The fourth paper is an analysis of suicidality and was the first paper to identify areas of the genome that may drive suicidal behaviour (published in EBioMedicine). This paper uses a cumulative link function to analyse an ordered ordinal phenotype that combines self-harm and suicidal behaviours to identify 3 loci. Validation of the phenotype was performed through PRS analysis showing how those who had committed suicide had higher genetic loading for the suicidality phenotype than controls who had reported no suicidal ideation whatsoever. Then the paper explores how loading for this phenotype associates with psychiatric outcomes.

The fifth and final paper uses a measure of anhedonia for the genetic analysis and correlates risk scores of this phenotype with brain structure and function. As with the second mood instability GWAS this approach uses BOLT-LMM to maximise statistical power and sample size which led to the identification of 11 independent loci. This paper also uses a newer approach to polygenic risk scoring, that of LDpred. This newer method is superior to that of P&T as only a single risk score is generated and as it makes use of more of the available information from the GWAS summary statistics, generates a more statistically powerful score. These LDpred anhedonia scores correlated with total grey matter volume and the volume of 4 out of 15 regions of interest previously associated with anhedonia as well as two brain integrity measures in those same 15 regions.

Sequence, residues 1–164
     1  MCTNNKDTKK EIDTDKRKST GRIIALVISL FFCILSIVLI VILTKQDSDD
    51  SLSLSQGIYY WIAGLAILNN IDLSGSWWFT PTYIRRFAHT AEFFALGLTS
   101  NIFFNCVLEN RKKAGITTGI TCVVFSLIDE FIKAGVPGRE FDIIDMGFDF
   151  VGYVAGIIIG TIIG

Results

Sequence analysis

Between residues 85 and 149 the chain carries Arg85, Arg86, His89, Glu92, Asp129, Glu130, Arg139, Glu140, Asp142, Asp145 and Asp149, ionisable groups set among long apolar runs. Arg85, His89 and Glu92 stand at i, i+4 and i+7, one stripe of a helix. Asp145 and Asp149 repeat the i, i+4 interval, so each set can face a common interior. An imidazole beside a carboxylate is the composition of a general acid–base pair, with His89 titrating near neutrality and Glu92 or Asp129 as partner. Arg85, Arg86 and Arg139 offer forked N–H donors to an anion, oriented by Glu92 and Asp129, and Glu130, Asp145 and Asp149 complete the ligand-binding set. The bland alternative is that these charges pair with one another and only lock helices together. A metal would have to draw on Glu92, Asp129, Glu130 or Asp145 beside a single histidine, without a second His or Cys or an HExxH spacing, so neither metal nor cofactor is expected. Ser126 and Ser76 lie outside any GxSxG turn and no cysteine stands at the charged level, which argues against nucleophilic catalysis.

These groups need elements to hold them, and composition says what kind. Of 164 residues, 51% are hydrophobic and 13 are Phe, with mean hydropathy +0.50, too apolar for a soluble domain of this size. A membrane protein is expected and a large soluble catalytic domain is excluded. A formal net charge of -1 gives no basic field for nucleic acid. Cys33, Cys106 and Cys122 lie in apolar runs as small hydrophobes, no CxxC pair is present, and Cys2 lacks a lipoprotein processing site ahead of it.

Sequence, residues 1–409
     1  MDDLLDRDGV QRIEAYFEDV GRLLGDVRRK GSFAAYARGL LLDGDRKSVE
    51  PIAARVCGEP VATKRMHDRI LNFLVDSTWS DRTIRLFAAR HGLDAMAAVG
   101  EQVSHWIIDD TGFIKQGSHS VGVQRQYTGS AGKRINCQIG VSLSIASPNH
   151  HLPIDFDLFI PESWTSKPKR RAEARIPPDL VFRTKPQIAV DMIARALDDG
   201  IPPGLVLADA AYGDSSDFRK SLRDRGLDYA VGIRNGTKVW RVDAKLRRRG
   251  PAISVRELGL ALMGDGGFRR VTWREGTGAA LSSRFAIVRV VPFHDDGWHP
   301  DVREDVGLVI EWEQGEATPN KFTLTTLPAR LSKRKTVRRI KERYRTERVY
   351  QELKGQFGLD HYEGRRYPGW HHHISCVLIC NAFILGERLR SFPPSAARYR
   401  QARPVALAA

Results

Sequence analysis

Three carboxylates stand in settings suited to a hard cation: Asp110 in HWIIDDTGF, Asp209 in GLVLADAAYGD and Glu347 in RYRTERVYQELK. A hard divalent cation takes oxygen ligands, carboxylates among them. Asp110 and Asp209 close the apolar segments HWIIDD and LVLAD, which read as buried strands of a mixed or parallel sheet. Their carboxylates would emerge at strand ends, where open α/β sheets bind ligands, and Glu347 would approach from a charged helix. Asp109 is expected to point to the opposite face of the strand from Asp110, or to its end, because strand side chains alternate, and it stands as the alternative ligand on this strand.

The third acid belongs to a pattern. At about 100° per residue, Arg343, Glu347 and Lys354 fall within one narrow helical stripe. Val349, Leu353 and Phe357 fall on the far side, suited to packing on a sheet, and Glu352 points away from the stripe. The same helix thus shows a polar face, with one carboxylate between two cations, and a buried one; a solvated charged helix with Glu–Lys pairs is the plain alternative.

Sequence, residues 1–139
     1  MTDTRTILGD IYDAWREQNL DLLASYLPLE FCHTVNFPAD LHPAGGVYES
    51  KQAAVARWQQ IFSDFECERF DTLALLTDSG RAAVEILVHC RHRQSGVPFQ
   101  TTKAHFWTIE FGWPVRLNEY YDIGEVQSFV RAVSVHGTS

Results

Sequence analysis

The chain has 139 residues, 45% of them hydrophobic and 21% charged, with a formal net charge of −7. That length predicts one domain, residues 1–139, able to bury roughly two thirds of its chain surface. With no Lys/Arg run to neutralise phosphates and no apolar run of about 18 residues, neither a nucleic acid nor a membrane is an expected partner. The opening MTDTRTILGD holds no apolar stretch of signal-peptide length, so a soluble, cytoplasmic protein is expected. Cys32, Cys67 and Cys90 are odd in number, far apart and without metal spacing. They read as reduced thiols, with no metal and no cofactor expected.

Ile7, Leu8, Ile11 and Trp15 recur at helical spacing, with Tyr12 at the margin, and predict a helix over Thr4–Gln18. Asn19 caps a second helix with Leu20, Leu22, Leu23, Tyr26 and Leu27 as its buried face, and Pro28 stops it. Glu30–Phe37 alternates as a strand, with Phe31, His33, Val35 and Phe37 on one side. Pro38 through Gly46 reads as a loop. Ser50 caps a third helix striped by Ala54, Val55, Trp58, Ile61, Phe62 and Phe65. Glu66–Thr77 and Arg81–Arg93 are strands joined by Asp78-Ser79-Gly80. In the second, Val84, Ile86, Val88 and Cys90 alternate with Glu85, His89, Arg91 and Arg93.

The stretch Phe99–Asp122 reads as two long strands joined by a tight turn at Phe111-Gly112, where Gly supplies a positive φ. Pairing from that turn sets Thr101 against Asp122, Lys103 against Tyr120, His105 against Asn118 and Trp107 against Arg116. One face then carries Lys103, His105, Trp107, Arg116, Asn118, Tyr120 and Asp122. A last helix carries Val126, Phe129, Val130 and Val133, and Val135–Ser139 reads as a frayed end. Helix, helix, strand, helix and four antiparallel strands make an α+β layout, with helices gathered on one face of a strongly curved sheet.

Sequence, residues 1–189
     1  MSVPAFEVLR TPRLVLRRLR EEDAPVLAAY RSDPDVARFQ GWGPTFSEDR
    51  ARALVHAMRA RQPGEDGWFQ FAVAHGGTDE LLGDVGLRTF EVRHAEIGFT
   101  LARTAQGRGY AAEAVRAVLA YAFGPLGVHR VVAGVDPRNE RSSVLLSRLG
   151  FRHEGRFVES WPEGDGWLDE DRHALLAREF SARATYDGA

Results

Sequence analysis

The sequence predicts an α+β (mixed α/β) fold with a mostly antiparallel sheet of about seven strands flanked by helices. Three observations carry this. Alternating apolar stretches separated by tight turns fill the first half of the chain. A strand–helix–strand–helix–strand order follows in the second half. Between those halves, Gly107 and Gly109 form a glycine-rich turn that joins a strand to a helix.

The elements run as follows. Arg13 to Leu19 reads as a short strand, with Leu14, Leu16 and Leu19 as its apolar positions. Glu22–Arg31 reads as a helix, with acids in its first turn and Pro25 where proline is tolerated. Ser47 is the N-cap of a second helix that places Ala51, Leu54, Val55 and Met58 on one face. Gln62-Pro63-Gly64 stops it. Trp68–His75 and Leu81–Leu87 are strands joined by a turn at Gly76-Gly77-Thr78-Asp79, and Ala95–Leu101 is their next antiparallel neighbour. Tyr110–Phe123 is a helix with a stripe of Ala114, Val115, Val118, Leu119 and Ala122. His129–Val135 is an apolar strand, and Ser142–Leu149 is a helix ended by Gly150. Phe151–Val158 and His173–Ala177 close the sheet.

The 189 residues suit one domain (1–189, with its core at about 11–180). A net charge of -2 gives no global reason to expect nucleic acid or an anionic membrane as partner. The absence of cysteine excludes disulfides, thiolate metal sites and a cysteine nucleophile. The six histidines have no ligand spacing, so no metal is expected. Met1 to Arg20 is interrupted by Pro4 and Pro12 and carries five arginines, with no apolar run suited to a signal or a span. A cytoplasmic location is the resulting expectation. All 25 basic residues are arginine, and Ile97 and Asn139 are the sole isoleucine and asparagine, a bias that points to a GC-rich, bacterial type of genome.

One of the themes running through the five publications (in addition to the evolution of different methodological approaches) is the potential advantage of studying psychopathological traits rather than formal diagnostic categories. As alluded to by the opening quote in the thesis from a leading psychiatry textbook by Sadock, such an approach may be more useful than identifying genetic variants associated with Diagnostic and Statistical Manual of Mental Disorders (DSM) 5 diagnoses

Item Type: Thesis (PhD)
Qualification Level: Doctoral
Subjects: Q Science > QH Natural history > QH426 Genetics
R Medicine > RC Internal medicine > RC0321 Neuroscience. Biological psychiatry. Neuropsychiatry
Colleges/Schools: College of Medical Veterinary and Life Sciences > School of Health & Wellbeing > Mental Health and Wellbeing
Supervisor's Name: Cavanagh, Professor Jonathan and Smith, Professor Daniel
Date of Award: 2020
Depositing User: Theses Team
Unique ID: glathesis:2020-83975
Copyright: Copyright of this thesis is held by the author.
Date Deposited: 28 Nov 2023 11:38
Last Modified: 05 Dec 2023 12:07
Thesis DOI: 10.5525/gla.thesis.83975